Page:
But even me sharing opinions with Walker and Jim makes me realise why it had to be our game of the year. It's the only thing we agreed on, pretty much 100%. Jim would have gone for STALKER. Alec for TF2. But we could all crowd around Portal, and nod approvingly. That's a computer game. That something so novel, so unique and unprecedented (in any meaningful way, pedant) managed to bring us all together, is something of a Christmas miracle.
Oh yeah – one final note. In my other life as a music writer, I do an end-of-year track round-up, where I blather on in an increasingly masturbatory fashion about my favourite stuff of the year. Still Alive will be the first time anything touched by videogames will find its way in, and that it was able to leap elegantly across my media-discourse is a sign of its supreme cultural literacy.
Portal's really neat. And Valve can stick that on the box, if they like.
Oh yeah - THIS WAS A TRIUMPH, etc, etc.
Before Portal, the closest gaming really had to cool - in an omnimedia, zeitgeisty, scenesterish kinda way - was Vice City-era Rockstar, and even that always carried the hallmarks of odious self-satisfaction. Before this, much as PC gamers adored Valve, they just weren't cool. They made games about machine guns and space aliens and soldiers versus terrorists - for all their polish, the Half-Lives were made to exactly the formula that keeps so much of the world erroneously convinced that gaming's a nerdy pursuit for passive-aggressive misanthropes.
Three hours of puzzles, wit and non-violence transformed a ten-year-old company formed by multi-millionaires who wanted to make shooting games into something that now's discussed with the same sort of awe and envy as Factory Records or Rolling Stone magazine was in its heydey - or, again, Rockstar. Everything they do, even a 30-second Christmas video, is greeted as a gift from the gods of Cool itself. So many people briefly defined themselves by Portal and its trappings, but in a self-aware, let's-all-laugh-together way the guys who define themselves by Final Fantasy VII or Halo really don't. And for all that, there's something refreshingly human about Valve, these surprise trendsetters. Their intermittent, ominous facelessness aside, there's a sense they're just like us gamers, only infinitely more talented. They're enjoying themselves, and they're enjoying entertaining us.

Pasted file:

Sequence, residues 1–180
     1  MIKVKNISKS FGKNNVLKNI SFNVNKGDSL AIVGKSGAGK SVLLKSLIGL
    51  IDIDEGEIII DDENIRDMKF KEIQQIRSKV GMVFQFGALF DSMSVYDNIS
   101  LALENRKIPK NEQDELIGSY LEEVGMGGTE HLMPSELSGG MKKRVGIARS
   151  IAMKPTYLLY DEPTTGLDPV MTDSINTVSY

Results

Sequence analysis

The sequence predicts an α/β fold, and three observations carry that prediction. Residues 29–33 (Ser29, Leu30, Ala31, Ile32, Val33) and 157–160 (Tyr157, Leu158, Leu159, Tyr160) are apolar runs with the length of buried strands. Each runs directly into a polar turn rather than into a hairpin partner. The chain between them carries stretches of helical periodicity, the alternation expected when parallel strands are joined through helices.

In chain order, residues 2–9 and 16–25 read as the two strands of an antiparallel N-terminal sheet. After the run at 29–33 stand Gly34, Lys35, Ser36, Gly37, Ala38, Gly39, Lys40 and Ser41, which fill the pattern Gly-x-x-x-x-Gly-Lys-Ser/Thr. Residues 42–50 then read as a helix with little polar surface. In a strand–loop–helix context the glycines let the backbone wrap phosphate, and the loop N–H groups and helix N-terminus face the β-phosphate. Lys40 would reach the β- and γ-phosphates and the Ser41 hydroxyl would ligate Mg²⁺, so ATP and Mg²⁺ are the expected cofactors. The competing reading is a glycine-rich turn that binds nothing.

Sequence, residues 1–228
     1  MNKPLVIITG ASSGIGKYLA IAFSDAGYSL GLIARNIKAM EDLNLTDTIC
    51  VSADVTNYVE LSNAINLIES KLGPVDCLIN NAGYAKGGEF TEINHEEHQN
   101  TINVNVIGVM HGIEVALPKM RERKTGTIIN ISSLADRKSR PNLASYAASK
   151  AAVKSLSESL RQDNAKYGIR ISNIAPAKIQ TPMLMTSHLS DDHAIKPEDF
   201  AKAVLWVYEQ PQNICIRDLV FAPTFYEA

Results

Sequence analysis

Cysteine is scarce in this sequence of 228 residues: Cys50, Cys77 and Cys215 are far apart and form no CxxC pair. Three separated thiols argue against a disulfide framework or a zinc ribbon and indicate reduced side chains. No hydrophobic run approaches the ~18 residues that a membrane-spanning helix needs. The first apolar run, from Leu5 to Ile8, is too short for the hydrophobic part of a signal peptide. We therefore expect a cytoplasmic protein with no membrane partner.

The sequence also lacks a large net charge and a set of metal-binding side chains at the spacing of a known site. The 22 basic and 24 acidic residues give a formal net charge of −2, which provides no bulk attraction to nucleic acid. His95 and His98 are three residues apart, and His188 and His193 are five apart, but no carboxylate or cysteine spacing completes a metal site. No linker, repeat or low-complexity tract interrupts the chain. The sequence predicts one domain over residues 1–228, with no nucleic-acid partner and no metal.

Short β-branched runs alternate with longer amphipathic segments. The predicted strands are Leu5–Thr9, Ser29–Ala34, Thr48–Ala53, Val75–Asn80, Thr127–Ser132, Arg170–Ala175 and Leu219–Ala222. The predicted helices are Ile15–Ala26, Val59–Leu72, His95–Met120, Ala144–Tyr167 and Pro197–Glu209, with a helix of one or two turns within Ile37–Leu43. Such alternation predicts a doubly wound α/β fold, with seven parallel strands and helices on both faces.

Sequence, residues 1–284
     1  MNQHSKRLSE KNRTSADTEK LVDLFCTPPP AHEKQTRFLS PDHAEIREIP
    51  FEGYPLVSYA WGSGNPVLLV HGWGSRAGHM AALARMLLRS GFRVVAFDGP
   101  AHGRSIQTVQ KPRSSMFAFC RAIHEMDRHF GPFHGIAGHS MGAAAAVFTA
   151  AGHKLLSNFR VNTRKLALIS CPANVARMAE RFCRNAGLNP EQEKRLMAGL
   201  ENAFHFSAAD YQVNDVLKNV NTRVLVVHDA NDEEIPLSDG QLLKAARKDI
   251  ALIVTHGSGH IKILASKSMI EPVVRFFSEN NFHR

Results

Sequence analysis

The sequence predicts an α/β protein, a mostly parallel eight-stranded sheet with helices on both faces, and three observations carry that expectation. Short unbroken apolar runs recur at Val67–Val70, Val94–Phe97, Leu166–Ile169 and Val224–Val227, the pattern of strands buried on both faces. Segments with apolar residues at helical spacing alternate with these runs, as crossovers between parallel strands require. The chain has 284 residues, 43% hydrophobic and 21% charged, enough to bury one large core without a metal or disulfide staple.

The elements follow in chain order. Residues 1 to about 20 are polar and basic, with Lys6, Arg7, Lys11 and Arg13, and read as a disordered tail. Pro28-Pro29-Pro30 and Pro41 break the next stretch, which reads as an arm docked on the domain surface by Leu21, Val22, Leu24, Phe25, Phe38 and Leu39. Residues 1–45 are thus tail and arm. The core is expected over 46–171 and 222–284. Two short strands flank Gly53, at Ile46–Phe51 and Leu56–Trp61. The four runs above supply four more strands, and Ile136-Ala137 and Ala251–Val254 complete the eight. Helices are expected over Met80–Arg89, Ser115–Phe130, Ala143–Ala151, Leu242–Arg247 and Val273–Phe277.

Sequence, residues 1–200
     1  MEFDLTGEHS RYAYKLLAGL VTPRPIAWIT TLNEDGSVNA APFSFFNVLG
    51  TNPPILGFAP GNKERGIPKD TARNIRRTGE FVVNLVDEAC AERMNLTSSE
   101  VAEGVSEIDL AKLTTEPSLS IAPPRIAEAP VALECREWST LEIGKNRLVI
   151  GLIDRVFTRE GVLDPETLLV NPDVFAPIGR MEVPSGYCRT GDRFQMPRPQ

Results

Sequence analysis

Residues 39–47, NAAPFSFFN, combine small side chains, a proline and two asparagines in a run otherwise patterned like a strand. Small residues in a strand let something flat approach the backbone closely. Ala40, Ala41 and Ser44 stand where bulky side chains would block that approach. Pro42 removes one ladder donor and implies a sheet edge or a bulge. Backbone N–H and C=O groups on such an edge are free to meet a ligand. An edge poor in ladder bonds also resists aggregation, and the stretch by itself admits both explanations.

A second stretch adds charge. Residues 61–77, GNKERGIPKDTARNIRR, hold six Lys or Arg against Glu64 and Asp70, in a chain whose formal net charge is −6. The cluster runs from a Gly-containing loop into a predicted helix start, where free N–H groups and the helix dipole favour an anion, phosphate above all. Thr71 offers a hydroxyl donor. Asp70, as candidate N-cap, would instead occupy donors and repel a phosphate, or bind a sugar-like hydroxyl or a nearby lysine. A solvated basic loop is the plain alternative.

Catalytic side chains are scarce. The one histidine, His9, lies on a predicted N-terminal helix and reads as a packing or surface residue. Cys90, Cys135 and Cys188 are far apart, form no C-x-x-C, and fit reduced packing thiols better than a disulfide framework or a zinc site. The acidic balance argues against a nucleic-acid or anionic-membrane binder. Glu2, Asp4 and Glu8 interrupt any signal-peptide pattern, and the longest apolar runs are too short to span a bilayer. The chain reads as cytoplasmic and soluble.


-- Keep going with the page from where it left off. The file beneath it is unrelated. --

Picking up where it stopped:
And never is that more obvious than in Portal. It's a game that could so very easily have felt austere or one-trick or over-serious or heavy with smugness. Instead, we got a trained opera singer voicing a homicidal AI prone to speaking like a mallrat.
I don't have enough faith in the big publishers that govern the gaming industry on its widest level to honestly believe Portal will change anything, but I can break through my cynicism enough to say Portal could change everything. Say what you want about Bioshock increasing the odds of a smarter gaming future (and it does), but it still adheres to to an ancient formula underneath all its fancy clothes and cleverthinks. This is the triumph - one of intelligence, humour and experimentation, and even of the oft-maligned episodic structure. It's proven conclusively, spectacularly that there is an audience for games that go to places we haven't already visited a hundred thousand times over. It's not quite my favourite game of the year, but it's the one I'm most glad exists.
One more time, now:
Thanks, Valve. Thalve.